Right out of "Gattaca"

You might remember "Gattaca", a thought-provoking, futuristic film starring Uma Thurman, Ethan Hawke and Jude Law.

An interesting story bloomed out of the premise that through health evaluation via gene sequencing, only the best of the best (seeking perfection, assessed at the genetic level) would be selected for tasks vital to the species.

If your genes were less than perfect, you were placed in some other, presumably crappy position.. Blogger, Pragmatic Evangelist, perhaps? šŸ˜›

It seems these scenarios are nearer than we might think.

Navigenics is a well-funded genetic evaluation company (around $25MM raised to date, plus a significant customer acquired in the past few months).

Navigenicsā€™ business is to sell gene tests directly to the public. For about US$2,500 you can be screened for your risk of developing, and potentially succumbing to more than 20 life-threatening and degenerative diseases.

The scientific-medical community, health departments, federal regulatory and consumer protection groups are objecting to this sort of testing .. and so should you: The company has plans to create a massive commercial database of genetic and lifestyle information so employers can look significantly more closely at you.

This is old news, by the way (back in October 2008):

Just how much should corporations know about us? How about this "Overview of Genetic Discrimination" from Genome.gov.

Stay close to this. It affects us all.

About Michael Coates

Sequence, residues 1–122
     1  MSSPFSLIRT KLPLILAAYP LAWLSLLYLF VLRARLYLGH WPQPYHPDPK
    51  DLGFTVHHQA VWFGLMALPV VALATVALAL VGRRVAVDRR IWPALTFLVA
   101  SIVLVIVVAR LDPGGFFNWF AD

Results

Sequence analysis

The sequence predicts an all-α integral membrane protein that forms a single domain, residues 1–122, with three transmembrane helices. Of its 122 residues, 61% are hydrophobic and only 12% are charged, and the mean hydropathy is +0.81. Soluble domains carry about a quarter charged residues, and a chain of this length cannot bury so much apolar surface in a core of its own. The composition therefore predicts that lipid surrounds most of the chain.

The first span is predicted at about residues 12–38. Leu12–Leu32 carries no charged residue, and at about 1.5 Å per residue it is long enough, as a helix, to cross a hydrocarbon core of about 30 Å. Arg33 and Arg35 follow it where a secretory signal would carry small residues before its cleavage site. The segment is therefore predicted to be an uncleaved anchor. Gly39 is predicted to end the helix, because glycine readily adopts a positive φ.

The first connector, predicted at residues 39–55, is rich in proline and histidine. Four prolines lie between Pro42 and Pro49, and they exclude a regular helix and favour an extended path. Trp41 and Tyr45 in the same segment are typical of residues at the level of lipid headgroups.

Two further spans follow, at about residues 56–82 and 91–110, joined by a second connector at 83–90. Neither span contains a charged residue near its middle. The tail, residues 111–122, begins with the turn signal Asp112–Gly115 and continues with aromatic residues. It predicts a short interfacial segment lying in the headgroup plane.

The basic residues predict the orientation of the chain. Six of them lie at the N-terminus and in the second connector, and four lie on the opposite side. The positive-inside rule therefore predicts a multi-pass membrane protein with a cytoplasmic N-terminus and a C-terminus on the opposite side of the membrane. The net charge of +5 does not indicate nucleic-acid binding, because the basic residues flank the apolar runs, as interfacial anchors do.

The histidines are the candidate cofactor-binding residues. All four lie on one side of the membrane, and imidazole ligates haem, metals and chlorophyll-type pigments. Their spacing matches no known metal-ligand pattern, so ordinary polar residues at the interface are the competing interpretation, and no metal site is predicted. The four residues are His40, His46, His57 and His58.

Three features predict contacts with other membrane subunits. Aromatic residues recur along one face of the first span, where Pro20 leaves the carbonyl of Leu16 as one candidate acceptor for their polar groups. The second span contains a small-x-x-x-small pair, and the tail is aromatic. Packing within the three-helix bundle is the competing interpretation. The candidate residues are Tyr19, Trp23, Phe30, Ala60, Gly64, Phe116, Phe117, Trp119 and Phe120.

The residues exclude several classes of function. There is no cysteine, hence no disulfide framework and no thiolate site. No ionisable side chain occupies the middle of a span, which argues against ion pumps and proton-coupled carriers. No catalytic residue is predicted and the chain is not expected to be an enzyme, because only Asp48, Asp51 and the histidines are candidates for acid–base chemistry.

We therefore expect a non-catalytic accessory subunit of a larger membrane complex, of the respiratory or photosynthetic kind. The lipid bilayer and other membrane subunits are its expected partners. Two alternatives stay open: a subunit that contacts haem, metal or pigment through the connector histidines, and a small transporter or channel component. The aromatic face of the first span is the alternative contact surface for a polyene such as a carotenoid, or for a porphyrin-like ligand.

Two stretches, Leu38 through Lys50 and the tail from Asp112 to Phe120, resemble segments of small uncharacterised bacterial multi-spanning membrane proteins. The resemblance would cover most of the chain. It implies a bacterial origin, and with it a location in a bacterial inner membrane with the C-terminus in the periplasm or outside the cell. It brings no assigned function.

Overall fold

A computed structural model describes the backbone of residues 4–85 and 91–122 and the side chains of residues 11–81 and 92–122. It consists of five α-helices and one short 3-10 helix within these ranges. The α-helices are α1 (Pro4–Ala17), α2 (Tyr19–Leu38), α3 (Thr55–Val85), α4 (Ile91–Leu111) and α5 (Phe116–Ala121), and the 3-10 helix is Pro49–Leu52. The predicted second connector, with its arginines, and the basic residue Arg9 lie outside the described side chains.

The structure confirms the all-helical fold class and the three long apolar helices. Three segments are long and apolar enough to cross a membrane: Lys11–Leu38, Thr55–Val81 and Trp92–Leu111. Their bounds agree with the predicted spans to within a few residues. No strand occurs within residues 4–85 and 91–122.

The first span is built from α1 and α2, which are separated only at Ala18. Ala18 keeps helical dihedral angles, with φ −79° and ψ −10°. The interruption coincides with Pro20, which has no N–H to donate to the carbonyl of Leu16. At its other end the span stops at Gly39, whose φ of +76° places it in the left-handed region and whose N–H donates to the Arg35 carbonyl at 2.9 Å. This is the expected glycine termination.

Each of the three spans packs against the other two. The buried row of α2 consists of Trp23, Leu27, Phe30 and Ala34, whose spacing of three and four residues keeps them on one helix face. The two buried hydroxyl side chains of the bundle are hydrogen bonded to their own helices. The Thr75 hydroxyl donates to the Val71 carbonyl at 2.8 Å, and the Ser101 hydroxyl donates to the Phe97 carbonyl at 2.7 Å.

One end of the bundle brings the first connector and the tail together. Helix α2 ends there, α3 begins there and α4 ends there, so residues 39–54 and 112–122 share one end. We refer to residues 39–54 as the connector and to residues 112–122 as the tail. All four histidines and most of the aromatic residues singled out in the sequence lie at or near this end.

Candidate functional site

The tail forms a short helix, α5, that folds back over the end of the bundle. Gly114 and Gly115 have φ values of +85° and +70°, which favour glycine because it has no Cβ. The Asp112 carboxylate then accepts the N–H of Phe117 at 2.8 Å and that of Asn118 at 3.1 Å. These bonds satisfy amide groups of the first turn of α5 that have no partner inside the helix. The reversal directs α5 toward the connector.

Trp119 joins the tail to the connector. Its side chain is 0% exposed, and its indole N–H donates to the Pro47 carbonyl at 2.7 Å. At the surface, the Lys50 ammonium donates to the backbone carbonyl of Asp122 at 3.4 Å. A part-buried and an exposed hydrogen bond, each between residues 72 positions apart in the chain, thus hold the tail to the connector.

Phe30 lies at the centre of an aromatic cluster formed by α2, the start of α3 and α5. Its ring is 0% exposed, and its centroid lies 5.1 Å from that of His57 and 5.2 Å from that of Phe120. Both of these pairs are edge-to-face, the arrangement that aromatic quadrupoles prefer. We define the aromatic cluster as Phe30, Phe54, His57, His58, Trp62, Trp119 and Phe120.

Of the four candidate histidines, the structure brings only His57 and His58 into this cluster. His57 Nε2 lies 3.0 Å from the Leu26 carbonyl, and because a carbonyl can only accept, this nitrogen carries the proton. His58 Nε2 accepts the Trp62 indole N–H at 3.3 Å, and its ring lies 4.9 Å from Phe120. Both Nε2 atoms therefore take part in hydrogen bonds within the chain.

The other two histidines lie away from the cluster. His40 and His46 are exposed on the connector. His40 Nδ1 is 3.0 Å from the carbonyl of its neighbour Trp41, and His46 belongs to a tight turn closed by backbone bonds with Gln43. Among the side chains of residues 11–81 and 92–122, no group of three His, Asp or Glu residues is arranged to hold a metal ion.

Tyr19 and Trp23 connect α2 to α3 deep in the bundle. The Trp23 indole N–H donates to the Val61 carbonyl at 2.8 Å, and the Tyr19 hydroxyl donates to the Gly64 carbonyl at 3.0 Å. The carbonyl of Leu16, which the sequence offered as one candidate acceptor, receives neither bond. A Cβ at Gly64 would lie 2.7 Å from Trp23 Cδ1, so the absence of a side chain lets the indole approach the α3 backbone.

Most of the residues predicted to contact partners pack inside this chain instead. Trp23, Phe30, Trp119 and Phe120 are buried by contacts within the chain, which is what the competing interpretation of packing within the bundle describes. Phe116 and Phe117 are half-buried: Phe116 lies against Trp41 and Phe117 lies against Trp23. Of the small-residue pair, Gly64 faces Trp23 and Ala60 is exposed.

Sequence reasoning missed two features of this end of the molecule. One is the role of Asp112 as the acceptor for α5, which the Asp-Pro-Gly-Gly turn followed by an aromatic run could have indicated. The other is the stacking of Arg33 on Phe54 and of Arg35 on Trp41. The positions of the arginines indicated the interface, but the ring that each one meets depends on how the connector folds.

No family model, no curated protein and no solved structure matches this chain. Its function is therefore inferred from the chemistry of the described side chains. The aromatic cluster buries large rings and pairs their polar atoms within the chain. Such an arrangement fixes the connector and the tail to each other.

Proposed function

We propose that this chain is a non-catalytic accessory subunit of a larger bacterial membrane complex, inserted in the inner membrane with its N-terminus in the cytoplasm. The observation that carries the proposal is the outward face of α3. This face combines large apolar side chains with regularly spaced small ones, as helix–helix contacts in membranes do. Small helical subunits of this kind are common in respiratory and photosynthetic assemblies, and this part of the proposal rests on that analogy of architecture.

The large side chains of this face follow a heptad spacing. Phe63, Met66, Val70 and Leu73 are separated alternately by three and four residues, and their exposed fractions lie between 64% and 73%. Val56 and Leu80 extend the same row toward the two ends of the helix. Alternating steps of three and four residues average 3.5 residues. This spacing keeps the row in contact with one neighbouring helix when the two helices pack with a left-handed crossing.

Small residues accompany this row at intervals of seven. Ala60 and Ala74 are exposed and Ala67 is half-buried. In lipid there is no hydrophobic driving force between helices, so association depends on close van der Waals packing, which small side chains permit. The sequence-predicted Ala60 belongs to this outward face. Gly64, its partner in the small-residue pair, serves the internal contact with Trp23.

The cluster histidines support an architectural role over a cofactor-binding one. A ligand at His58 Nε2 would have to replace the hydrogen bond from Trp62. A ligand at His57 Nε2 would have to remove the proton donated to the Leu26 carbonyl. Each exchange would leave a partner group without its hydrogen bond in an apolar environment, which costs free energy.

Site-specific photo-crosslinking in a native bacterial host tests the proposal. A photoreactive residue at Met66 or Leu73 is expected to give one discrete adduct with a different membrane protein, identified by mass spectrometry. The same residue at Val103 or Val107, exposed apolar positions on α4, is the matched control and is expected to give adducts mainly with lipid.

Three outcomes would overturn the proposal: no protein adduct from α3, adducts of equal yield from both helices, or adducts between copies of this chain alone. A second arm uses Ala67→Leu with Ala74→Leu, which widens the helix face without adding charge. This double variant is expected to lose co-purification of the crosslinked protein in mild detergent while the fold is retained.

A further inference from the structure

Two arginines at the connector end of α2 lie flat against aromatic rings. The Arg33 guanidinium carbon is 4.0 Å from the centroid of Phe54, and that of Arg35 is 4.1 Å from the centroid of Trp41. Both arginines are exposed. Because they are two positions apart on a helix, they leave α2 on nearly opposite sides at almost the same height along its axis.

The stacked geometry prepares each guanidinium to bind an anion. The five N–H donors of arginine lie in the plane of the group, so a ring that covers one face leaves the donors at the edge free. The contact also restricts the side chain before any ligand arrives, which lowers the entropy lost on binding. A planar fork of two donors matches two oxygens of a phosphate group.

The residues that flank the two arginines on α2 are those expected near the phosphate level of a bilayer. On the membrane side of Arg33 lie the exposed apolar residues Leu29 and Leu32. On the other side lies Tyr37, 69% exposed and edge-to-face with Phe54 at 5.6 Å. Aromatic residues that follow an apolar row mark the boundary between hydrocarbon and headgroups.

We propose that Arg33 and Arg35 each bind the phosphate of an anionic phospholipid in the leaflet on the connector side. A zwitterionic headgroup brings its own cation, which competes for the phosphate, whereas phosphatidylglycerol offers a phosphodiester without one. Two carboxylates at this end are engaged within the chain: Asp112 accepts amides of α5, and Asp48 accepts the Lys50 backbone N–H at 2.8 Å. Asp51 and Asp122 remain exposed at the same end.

I am a pragmatic evangelist. The products, services and solutions I write about fulfill real-world expectations and use cases. I stay up-to-date on real products I use and review, and share my thoughts here. I apply the same lens when designing an architecture, product or when writing papers. I am always looking for ways that technology can create or enhance a business opportunity .. not just technology for technology's sake. My CV says: Seasoned technology executive, leveraging years of experience with enterprise and integration architectural patterns, executed with healthy doses of business acumen and pragmatism. That's me. My web site says: Technology innovations provide a myriad of opportunities for businesses. That said, having the "latest and greatest" for its own sake isn't always a recipe for success. Business successes gained through exploiting innovation relies on analysis of how the new features will enhance your business followed by effective implementation. Goals vary far and wide: streamlining operations, improving customer experience, extending brand, and many more. In all cases, you must identify and collect the metrics you can apply to measure your success. Analysis must be holistic and balanced: business and operational needs must be considered when capitalizing on a new technology asset or opportunity.

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